Every year in the United States an insidious thing happens. Across the 5,627 hospitals in America, there are 1.4 million emergency room visits for basic dental conditions. Conditions that a Dentist or, dare I say, even Dental Therapists could correct. These are not complex medical issues but dental caries, pulpal and periapical lesions, gingival and periodontal lesions.
Image source: http://www.thefix.com
Many in the dental profession will remember the sad passing of a boy named Deamonte Driver in Washington, DC. It was particularly sad because, in a time before the Affordable Care Act, his family just became ineligible for Medicaid and the death happened so near to Capitol Hill. Moreover, his family was more focused on his brother’s oral health because he had six cavities…..Deamonte was thought to have better oral health than his brother. Deamonte’s death was tragic and unnecessary, however, did you know that another 312 people die every year in our hospitals after attending because of a basic dental problem?!
Image source: http://freespaceway.com/dentistinfl/
This information is aggregated from two studies we completed – one considering hospitalized patients with dental problems and another looking at emergency room visits for dental problems. Roughly 277 in-patients and 36 ER patients die after coming to the hospital because of a dental problem. It is not necessarily so that the dental problem caused mortality, however, the dental problem did necessitate their hospital visit which lead to their ultimate demise.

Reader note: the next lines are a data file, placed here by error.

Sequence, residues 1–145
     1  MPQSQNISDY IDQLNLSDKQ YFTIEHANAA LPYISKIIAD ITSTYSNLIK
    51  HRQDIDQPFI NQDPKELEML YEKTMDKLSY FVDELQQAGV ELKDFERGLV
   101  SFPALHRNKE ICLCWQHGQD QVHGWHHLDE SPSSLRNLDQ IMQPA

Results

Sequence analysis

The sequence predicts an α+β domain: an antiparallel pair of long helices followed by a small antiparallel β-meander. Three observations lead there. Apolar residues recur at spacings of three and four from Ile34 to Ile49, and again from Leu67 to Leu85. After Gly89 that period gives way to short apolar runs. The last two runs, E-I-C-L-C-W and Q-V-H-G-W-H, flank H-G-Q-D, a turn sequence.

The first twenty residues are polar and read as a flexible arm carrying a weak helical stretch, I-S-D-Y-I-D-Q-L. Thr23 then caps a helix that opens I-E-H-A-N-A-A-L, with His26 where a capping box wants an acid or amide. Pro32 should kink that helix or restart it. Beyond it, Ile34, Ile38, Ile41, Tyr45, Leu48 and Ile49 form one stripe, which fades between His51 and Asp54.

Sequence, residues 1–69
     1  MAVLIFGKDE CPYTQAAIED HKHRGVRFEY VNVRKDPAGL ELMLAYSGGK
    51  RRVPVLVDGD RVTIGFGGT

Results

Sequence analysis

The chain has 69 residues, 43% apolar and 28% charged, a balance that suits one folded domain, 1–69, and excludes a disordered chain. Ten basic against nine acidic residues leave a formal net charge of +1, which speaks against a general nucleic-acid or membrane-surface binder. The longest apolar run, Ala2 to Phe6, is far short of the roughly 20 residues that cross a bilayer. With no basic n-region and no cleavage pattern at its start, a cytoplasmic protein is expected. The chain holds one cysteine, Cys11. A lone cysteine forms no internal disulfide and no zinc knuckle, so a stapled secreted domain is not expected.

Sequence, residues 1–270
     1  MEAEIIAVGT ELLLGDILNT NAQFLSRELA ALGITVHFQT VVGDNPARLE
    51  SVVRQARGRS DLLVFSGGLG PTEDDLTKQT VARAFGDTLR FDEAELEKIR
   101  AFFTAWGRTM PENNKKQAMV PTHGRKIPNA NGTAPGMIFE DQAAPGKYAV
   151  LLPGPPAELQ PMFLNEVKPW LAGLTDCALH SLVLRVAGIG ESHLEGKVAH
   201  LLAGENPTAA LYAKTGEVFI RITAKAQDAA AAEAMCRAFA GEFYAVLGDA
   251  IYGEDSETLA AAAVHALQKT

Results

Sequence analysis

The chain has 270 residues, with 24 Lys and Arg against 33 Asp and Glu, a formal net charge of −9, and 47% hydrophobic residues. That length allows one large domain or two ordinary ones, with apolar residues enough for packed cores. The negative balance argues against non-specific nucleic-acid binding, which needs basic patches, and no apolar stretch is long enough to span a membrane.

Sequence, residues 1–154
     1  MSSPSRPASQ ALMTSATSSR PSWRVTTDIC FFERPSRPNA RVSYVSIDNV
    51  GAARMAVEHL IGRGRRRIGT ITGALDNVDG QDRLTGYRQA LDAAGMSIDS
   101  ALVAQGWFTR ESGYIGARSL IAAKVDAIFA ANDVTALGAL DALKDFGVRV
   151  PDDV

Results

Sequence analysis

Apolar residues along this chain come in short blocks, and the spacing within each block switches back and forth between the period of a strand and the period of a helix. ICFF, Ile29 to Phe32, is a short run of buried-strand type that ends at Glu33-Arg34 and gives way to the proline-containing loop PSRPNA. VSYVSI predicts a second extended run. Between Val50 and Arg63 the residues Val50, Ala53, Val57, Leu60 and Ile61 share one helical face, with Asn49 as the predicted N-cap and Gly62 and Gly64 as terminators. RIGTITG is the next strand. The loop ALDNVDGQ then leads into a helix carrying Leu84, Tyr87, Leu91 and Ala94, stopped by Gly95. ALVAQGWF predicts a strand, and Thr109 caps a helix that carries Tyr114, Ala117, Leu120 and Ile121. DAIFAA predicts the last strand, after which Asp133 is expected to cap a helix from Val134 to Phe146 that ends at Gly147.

Medical care is seen as a necessity while dental care is sometimes considered a luxury. Medicare includes negligible dental coverage (and, it’s true, the ADA had something to do with that) and Medicaid has limited dental coverage. Yet, our studies found that when patients end up in hospital because of a dental problem, 25% of hospitalized patients and 8% of ER patients were Medicare. Additionally, 18% of hospitalized and 31% of ER patients were Medicaid. The federal and state governments end up paying for these dental problems through ER’s and hospitals where it is considered a “medical necessity.” But research shows that ER’s manage many dental problems inappropriately and 96% of dental related ER visits require a subsequent dental visit anyway!
The dental profession, healthcare advocates and all sane people must push for better dental coverage for our government patients – the affordable care act brought great improvements but failed to resolve this crisis. Doing nothing will mean another 313 people will die this year in 2017. And that’s how we can kill 313 people by doing nothing.